Two shoe salesmen visit a remote island to discover its market potential, but it turns out the people walk around in bare feet. Disappointed, the first salesman phones back the news.
"They don't wear shoes," he says, and takes the next flight home.
His competitor is also straight on the phone to head-office. “Send all sizes makes and styles,” he says, with glee, “They don't wear shoes."
Thus a market, previously unexploited, is opened. A people, unaware they needed shoes, slowly become dependent upon slithers of leather between them and the road, and not a single user was consulted in the process.
The story highlights a difficulty for product development. The user is not always king, and consultation is not always the wisest decision. It takes an innovator to see product development from a “What is possible,” perspective and the innovator is unlikely to volunteer for the user consulting panel.
But who decides which features to add to a software product and why? Asking the user is all the rage – as much to gain their acceptance as to tease out new features – but in contrast to the early days of software development, when the user was not consulted, sessions now mix users with technicians in a melting pot of ideas and creativity – or that's the idea that I’ve been proclaiming for the last twenty years.
Users have multiple interests and development teams can be pressured into satisfying whims. They can also run off in high-jinks implementing features they dreamt of in the shower. It is easy to make software dual-purpose, and all too tempting for product owners to target multiple interest groups with one product – of course the user wants it. Word processing packages can be used as database query engines, mail-shot managers, web-browsers, translators, dictionaries and are even passably good at word processing.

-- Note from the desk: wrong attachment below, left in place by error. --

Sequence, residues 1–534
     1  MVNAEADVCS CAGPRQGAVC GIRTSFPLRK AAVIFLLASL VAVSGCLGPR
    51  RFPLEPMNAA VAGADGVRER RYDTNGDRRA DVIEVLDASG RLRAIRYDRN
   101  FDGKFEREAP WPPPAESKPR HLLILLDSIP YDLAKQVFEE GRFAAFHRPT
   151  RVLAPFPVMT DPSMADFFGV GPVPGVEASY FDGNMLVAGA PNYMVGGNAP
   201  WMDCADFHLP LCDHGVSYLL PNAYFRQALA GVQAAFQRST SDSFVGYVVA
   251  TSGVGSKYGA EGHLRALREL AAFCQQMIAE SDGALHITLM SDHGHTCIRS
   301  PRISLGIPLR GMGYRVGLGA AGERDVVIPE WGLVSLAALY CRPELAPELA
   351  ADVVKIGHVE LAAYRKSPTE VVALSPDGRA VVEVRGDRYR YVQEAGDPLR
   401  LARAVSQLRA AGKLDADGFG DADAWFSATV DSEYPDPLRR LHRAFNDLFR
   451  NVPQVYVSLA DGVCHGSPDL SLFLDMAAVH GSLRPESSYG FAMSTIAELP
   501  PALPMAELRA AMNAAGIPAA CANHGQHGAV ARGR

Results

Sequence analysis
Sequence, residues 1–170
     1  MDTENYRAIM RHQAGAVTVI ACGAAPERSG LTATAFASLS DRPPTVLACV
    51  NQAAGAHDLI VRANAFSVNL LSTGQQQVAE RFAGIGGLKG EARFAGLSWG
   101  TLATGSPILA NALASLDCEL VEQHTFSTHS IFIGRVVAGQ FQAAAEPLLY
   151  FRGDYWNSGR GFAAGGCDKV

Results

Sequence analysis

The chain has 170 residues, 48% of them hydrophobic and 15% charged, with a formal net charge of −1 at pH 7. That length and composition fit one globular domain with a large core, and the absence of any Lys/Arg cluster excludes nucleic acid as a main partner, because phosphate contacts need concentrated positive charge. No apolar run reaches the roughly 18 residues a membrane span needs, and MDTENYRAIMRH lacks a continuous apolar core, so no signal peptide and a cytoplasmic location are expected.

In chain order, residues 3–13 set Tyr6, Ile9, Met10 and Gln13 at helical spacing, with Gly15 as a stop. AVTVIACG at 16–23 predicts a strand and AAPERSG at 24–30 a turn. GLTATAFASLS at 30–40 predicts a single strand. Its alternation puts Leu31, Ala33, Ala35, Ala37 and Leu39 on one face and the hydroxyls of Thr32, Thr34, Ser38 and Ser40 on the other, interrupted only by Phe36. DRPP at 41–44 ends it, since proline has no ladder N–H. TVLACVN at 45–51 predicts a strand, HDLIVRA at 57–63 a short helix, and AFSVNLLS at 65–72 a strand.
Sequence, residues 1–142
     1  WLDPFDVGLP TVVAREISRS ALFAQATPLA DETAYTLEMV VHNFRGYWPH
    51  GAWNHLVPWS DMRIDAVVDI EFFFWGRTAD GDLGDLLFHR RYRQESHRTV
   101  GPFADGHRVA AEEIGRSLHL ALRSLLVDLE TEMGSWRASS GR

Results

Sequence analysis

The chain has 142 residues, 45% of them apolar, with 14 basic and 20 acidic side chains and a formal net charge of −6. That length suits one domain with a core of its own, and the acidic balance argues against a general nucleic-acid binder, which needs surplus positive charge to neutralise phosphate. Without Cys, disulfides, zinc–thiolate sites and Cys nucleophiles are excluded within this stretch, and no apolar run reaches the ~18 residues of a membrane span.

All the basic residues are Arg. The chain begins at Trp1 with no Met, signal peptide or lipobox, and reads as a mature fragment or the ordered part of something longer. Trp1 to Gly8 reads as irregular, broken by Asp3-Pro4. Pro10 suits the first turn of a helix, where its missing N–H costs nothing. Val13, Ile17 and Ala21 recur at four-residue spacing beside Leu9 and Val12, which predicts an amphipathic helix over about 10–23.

And there is another reason software products are bloated with features most of us never use; the box appeal. The user is not consulted — or at least not an average user — but the company wishes to show that its new software has been updated with features you cannot be without, so part with your money, or download the next, greatest ad-supported version. It is not the user that asks for disappearing menu items or animations when the mouse passes over a button; this is the work of the marketing department desperate to show the Apps do not wear out like shoe leather, and we have become slaves to an upgrade culture that demands we download the same product over and over.
If it was otherwise, and products gradually slowed and stopped working, the vendors wouldn't add features to seduce us, instead, they would rely on the natural re-purchase cycle and produce products fit for one primary purpose. The products would not try to be all things to all people and would, in all probability, be fitter for purpose.
But we are a world of consumers. We do not recycle; we throw away; we do not repair; we replace For shoes it means we buy again before it’s absolutely necessary, but for software we replace for no reason whatsoever. Deep within, we suspect the tools we use are not as good as the latest releases, we watch as friends and colleagues apply the changes, and though we scoff, the vendor's claims scratch our pride and we convince ourselves of the benefits of the newest software.
But as Bertrand Russell said, "The fact that an opinion has been widely held is no evidence whatever that it is not utterly absurd."